“In merging literary and evolutionary approaches, this book is certain to bring delight to an evolutionary audience and a combination of interest and consternation to the literary contingent. This is wholly appropriate for a fascinating pioneering work.” Christopher Boehm, Director, The Goodall Research Center, University of Southern California  

“[The authors] bring three vital ingredients to this study of nineteenth-century English novels: a love of the novels, a modern understanding of human evolutionary biology, and facility with modern methods of data analysis. The result is a stunning synthesis; many dream of some reconciliation between the sciences and the humanities. [This book] has actually stepped in and started us down that road.”–Henry Harpending, professor of Anthropology, University of Utah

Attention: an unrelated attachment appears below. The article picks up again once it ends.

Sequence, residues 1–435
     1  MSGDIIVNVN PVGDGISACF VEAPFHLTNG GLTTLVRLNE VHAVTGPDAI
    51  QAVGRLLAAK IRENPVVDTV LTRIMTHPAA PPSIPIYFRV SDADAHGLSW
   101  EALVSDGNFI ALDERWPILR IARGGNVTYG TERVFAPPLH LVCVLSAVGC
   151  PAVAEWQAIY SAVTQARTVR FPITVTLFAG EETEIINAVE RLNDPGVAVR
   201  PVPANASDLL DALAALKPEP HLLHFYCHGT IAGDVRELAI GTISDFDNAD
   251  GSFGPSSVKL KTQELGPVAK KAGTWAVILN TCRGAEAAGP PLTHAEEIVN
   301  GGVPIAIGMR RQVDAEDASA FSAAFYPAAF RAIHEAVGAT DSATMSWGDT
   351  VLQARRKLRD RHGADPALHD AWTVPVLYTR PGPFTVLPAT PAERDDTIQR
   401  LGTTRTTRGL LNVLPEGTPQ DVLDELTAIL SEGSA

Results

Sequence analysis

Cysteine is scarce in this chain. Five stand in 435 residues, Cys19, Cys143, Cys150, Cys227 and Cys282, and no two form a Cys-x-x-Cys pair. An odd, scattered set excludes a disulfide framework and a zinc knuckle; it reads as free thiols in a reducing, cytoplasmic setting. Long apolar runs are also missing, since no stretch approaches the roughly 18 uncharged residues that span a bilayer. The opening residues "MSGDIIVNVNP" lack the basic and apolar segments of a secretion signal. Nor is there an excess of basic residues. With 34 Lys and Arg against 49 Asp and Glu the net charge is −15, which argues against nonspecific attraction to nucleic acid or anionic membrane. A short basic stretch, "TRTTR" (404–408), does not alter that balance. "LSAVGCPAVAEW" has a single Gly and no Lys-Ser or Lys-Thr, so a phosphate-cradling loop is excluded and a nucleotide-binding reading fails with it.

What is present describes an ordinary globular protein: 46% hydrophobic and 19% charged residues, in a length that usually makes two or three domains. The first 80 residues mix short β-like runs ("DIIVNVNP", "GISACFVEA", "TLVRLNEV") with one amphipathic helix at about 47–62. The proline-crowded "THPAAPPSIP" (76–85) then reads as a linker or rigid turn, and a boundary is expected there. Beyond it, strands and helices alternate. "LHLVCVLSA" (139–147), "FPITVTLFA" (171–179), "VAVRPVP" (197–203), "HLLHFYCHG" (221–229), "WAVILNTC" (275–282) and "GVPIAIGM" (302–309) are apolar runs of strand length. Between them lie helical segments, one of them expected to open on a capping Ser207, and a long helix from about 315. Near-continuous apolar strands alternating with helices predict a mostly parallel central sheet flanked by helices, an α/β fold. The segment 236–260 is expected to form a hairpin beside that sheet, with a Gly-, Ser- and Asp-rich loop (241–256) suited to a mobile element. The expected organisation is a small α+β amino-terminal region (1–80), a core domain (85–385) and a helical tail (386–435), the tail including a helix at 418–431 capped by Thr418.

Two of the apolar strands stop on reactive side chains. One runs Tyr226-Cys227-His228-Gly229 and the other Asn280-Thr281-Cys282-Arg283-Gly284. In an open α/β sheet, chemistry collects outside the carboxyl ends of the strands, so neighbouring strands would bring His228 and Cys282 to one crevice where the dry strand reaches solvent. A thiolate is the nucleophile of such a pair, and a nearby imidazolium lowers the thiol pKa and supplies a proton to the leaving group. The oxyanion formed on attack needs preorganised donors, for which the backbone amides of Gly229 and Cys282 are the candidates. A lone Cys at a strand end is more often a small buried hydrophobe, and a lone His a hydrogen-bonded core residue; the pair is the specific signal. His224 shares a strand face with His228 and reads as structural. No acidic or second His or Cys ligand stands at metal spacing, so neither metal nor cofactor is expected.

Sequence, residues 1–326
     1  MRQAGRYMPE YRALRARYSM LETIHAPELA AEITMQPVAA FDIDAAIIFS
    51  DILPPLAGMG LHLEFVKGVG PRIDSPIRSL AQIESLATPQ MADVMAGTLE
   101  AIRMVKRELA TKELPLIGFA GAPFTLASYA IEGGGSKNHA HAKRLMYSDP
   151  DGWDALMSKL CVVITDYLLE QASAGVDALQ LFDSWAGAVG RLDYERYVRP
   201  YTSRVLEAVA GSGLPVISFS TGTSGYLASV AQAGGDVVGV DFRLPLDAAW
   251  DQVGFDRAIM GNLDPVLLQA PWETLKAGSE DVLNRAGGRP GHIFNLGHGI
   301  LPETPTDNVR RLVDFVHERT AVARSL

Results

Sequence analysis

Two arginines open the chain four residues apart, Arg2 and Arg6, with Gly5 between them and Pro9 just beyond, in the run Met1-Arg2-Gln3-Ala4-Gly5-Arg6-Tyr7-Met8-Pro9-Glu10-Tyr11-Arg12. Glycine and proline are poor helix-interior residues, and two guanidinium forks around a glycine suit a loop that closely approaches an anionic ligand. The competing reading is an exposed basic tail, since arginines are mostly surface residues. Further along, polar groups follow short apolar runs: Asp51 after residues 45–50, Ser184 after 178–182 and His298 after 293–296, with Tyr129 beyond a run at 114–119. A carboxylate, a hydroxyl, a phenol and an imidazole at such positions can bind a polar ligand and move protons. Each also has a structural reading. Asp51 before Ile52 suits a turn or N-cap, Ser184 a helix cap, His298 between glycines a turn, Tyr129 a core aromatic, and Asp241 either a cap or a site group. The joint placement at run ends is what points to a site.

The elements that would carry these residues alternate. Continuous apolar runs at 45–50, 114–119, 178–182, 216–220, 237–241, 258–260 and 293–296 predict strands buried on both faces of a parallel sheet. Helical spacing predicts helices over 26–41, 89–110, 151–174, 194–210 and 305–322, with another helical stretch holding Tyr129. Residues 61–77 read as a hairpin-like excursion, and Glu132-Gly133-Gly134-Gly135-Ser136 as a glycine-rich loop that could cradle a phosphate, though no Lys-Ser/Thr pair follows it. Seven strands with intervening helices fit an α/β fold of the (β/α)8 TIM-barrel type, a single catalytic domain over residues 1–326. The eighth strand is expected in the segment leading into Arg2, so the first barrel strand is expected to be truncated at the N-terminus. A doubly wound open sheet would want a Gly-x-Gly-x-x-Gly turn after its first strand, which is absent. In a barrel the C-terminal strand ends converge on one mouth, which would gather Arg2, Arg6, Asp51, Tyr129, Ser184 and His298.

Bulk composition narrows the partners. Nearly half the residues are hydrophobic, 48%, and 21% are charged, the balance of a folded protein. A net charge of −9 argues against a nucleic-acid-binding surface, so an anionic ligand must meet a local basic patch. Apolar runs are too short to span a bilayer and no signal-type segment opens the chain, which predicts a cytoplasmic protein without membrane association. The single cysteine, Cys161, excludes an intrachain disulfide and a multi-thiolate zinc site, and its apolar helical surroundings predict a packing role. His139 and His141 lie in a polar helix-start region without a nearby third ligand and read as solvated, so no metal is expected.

“Once every century or so, a paradigm shift erupts in how we perceive literature. Graphing Jane Austen is this century’s revolution. It is a masterpiece of creative, synthesizing science that lays the groundwork for an entirely new way of looking at, and understanding literature.” –Barbara Oakley, Oakland University, author of Cold-Blooded Kindness and Evil Genes.

 

Book Description: Why have we evolved to delight in telling stories and listening to them? Can literary meaning be discovered through data? What is more important to the identity of a literary character: gender or moral disposition? This boldly original study answers such questions and thus changes the debate about literary Darwinism. Constructing an evolutionary model of human nature and adopting scientific methods of research, this book explains the organization of characters in nineteenth-century British novels, yields rich insights into specific literary works, and demonstrates that evolutionary thinking can solve basic problems of literary theory.